Ben Carson has offered two responses to news reports suggesting that parts of his life story are exaggerated. First, that he is subject to an abnormal level of scrutiny (a claim we assessed Sunday). And second, that he has evidence to back up his version of events.

The Wall Street Journal's Reid Epstein examined a claim from Carson's autobiography that he was identified as the most honest student in a psychology class as a junior, finding no evidence of the incident having happened. Carson wrote that the class was told that they needed to retake exams that were burned in a fire, and only he did so. But there was no "Perceptions 301" class during that time period, Epstein found, and no photo of Carson in the school paper, despite Carson's claim that one was taken.

In his defense, Carson first pointed to a Yale Daily News front-page article that mentioned a test-burning incident. But that article mentions it being a parody event in a class called "Psychology 10" that makes no mention of Carson or a prize — and it happened in January, when Carson was still a freshman. Then, he posted a syllabus on Facebook for a class called "Perceptions" — though the syllabus was from 2002. (Carson graduated from high school in 1969 and from Yale University, where the incident allegedly occurred, in 1973.)

Update: Buzzfeed found a classmate that provided much better evidence for aspects of the story.

Regardless, Carson's Facebook fans had his back. "GOOD FOR YOU, DR. CARSON! This is evidence of the Wall Street Journal's 'Running Scared' because of your popularity," the top comment reads. Another adds, "I love that you dont back down. You find the proof that the journalists fail to do."

Except, of course, he didn't. Instead, Carson leveraged an evolving phenomenon in political discourse — the anecdotal rebuttal — to give his supporters enough reasonable doubt to brush away any questions.

There are a few factors that are overlapping to make Carson's strategy effective.

First, there's distrust of the media — particularly (but not exclusively) on the right. We looked at this in the wake of the third Republican debate, during which Carson rebutted questions about his involvement with a nutritional supplement company largely by claiming media bias. Gallup data shows that fewer than a third of Republicans now have trust in the mass media, suggesting a willingness to be responsive to such claims.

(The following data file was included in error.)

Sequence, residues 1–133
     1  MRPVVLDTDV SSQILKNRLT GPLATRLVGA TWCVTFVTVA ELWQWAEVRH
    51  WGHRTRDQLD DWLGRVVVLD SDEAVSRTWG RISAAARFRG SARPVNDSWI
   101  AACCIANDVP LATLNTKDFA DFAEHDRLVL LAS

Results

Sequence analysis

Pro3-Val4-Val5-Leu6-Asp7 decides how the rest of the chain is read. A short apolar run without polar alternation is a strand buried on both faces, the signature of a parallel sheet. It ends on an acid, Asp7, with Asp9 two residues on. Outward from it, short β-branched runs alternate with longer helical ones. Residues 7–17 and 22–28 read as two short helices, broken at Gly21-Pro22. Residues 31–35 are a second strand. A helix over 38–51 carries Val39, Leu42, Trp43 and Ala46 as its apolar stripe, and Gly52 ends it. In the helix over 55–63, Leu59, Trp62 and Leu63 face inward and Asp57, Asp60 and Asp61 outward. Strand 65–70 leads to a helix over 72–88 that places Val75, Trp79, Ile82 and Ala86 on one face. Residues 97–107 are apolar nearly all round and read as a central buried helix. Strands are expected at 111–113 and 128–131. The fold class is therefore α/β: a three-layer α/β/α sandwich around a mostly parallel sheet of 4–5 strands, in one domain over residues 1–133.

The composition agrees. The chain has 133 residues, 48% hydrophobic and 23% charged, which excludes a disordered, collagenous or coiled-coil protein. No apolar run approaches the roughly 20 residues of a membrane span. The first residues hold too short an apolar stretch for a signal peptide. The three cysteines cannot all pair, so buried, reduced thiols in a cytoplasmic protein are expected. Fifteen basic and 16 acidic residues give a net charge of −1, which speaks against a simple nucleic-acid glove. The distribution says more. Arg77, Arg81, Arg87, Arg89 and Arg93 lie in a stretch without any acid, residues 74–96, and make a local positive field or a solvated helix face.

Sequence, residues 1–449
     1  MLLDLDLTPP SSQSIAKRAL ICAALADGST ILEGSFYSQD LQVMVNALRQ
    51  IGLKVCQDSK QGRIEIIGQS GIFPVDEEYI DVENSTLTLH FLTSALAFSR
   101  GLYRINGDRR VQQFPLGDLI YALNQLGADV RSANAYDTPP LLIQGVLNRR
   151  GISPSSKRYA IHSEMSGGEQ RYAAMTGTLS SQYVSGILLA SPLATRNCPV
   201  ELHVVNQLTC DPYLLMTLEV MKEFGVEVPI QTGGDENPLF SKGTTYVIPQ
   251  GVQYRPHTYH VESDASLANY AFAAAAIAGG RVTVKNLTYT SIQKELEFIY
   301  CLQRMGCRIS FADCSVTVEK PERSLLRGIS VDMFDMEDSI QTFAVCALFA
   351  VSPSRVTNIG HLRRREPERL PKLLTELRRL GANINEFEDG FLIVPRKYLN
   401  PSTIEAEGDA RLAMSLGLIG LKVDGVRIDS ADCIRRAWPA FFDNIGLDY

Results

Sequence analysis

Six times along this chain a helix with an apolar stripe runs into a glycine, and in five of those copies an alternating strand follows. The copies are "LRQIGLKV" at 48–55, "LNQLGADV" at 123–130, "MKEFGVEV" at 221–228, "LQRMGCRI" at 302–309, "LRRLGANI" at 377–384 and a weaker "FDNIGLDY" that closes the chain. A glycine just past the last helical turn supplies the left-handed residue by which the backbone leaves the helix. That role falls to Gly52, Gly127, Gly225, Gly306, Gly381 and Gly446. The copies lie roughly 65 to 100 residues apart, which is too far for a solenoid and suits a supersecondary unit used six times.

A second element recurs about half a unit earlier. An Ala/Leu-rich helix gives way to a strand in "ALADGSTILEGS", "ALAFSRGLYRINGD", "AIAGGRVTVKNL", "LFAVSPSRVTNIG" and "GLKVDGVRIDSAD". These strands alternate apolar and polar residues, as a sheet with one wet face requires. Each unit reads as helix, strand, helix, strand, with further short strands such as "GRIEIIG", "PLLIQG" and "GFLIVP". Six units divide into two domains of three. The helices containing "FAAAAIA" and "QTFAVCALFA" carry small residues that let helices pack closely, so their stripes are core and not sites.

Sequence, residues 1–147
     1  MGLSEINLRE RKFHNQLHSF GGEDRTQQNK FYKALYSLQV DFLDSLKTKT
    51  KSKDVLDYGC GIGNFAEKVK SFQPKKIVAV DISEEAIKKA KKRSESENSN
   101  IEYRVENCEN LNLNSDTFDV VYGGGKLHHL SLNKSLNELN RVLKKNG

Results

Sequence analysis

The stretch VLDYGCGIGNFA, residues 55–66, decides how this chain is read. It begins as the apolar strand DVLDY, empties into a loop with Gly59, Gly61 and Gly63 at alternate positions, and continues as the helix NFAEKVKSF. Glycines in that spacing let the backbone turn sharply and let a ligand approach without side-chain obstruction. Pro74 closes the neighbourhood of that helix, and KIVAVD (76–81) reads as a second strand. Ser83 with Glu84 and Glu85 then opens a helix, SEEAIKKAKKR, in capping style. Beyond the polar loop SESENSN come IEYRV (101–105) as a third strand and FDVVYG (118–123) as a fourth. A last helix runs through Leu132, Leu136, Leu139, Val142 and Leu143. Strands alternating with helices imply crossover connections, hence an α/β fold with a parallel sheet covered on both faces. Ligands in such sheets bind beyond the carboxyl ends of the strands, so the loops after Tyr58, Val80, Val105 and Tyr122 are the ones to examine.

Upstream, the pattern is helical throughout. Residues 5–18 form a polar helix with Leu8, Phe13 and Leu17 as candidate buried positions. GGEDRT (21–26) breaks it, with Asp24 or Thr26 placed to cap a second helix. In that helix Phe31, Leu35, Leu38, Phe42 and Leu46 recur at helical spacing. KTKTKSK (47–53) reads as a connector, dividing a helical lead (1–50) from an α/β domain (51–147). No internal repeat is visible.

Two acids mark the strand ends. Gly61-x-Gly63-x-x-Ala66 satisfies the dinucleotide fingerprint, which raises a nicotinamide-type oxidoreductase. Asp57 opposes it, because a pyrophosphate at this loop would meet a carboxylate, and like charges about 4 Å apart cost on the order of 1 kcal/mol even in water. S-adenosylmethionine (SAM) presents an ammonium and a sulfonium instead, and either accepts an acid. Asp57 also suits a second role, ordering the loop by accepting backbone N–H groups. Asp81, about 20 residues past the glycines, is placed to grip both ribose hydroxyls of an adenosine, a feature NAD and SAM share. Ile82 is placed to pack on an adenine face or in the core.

Layered onto that is the way in which we communicate these days. On social media, people tend to cluster by ideology, as a study of Twitter published in 2013 notes. By tracking the use of certain political phrases in 2010, the study's authors found that political content "was overall confined to like-minded clusters of users" — at least for the phrases they were considering.

Such a finding reinforces what we might expect, for better or for worse. Americans have also increasingly physically sorted themselves out by political ideology. Not intentionally, of course, but communities with particular political tendencies — like younger people or college graduates — have clustered in particular places. Cities are Democratic. Exurbs are not. And so on.

This means that the people with whom we interact on a daily basis are likely to be people with whom we agree on politics — in the same way that the people with whom we interact on Twitter broadly share our ideologies. "Broadly" is an important word there; this is as oversimplified as saying that Republicans distrust any and all media. But what's happening in politics bears this out.

Consider climate change. Climate change is a politically polarized issue that pivots on debates over scientific findings. Rebuttals to the collective work of hundreds of scientists often center on particular points of contention, some debunked — or, more casually, on the fact that the weather on a particular day is cold. There was a concerted effort to introduce doubt about climate science, which was largely successful. Now, anecdotes or small points are used as sweeping dismissals of the entire idea.

Not to dive into "both sides do it"-ism, but fervent partisans, left and right, are happy to embrace anecdotes with equal alacrity. Fervor plays a role: Underdogs demand more passion and passion tends to erode objectivity. Bernie Sanders fans, for example, insist that their candidate is underrepresented in the polls given how they read the enthusiasm of his crowds. Polls — a subset of the media — have come under repeated fire of late (most recently in the New Yorker). Donald Trump has made cherry-picking poll results a centerpiece of his outreach. The anecdote triumphs.

Of course, polling and the media are viewed skeptically in part because of demonstrated failures. Polls misread the British parliamentary results, underestimated the Republican wave in 2014 and missed the Kentucky governor's race last week. But those failures are also often anecdotal: Polling still gets an awful lot right.

Broader media distrust, meanwhile, is often self-reinforcing.

What's the alternative to picking out anecdotes? Skepticism. A willingness to consider alternative points of view. That's a mandate that's been given to the media, of course, whether or not it does so successfully. But it is ideally how people in general will respond to conflicting information. Ben Carson's defenses simply don't add up, which even Ben Carson supporters should see.

But again, it's hard to resist. After all, my evidence for Carson supporters sticking with their man? Facebook comments from two people. Perhaps the anecdotes I isolated are themselves not representative.